Telcos need to reinvent for survival
Dubai, October 20, 2012
Incumbent telecom operators need to transform themselves and adopt a new, decentralized operating model that addresses current challenges and anticipates future ones, according to a report.
Over the last decade, telcos have come under financial pressure due to several developments: tough competition, erosion of revenues due to so-called over-the-top (OTT) services and the need to invest billions of dollars building next-generation networks, said a report from the Boston Consulting Group (BCG), a global management consulting firm.
As such European operators have been forced to cut dividends. Also the Middle East region is affected, as internet telephony is ever more eating into the valuable revenues from international calling, while at the same time billions are being invested into new fiber and mobile networks, said the BCG's latest report on "Facing Up to the Future: A New Operating Model for Telcos."
Traditional telco operating models that were shaped in an era of government-owned monoliths are showing signs of severe strain, it added.
The optimization of the monolithic telecom incumbent has come to an end in a world of new competitors pulling from all directions, the study stated.
Hermann Riedl, a partner in BCG’s telecoms team in the Middle East, said, “If incumbent telcos are to survive in this new landscape, they have no choice but to reinvent themselves within the next three to five years. Only a comprehensive commitment to a new operating model can do that.”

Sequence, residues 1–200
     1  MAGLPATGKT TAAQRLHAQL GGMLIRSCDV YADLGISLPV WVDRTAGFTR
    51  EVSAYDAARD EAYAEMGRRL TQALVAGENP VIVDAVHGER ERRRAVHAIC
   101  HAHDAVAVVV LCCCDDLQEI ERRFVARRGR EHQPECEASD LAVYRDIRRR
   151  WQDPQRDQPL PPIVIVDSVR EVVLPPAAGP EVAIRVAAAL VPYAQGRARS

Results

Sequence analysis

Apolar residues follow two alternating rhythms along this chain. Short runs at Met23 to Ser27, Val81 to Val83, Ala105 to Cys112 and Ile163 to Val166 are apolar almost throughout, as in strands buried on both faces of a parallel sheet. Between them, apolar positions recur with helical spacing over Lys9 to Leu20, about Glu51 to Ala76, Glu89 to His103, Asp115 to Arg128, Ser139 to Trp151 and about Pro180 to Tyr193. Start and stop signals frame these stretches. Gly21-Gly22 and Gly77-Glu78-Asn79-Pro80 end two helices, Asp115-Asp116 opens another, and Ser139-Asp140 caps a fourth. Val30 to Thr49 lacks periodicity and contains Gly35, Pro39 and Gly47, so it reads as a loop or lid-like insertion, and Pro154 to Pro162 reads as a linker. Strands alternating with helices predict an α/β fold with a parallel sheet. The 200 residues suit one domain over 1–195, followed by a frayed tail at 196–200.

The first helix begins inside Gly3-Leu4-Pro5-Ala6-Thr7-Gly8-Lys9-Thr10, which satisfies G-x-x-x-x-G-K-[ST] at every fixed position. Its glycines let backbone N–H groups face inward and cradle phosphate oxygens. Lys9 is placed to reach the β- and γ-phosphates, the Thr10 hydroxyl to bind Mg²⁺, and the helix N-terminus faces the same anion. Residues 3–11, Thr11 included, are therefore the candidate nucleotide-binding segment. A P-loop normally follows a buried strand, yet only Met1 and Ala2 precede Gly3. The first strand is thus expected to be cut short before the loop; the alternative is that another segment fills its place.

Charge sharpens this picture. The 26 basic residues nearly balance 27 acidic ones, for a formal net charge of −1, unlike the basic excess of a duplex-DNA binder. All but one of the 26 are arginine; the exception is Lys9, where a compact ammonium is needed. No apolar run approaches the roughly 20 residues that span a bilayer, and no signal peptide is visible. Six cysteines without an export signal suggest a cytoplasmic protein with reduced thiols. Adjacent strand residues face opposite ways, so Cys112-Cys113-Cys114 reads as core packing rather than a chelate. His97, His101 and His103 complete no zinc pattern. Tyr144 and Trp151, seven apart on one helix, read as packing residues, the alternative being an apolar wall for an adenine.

The predicament keeping telecom managers awake at night is easy to state but hard to solve: How can they respond to nimble, specialized competitors attacking simultaneously on several fronts?
Meeting today’s varied challenges calls for agility – but former state monopolists are hamstrung by complexity, said the world’s top advisor on business strategy..
BCG therefore advocates a modular model to operate successfully on the telecoms markets of the future. Four major blocks, each its own business dynamics, have been identified:
•Network Owner: “This is much like the real estate business, where deep local knowledge pays off,” says BCG’s Hermann Riedl. Much as property companies tap their familiarity with terrain and traffic to acquire and develop the space they lease out to retailers, network owners can draw upon theirs to develop infrastructure that they will lease out to service providers.
•Network Operator: Unlike network ownership, network operation is an activity that calls for scale. Some of the most important decisions awaiting incumbent telcos will concern which network operations should be outsourced and which kept in-house.
•Service Provider: This module has the characteristics of a retail business: By tailoring services for specific segments – whether defined by price, level of service, ethnicity of the customer base, or other parameters – best practice operators are gaining market share while improving price realization.
•Digital Services Unit: As services from Facebook, Skype, Google, Amazon and otherscapture a growing share of the telecom ecosystem, it is crucial foroperators to find a way to participate in them more fully. An effective digital unit that works at ‘internet clock speed’ is a telecom operator’s best means of claiming a piece of the action.
In the Middle East, for example, Etisalathas recently announced the creation of a new business unit to participate from growth opportunities in these segments.
Top Management must embrace the idea of running a portfolio of businesses, granting units a degree of autonomy while requiring them to be competitive within their subsectors, said the BCG in its report.
The stovepipe IT structures that still predominate must be supplanted by systems based on open standards. A large workforce transformation – involving staff reductions and outsourcing, as well as recruitment of new talent – will be unavoidable, it added.-TradeArabia News Service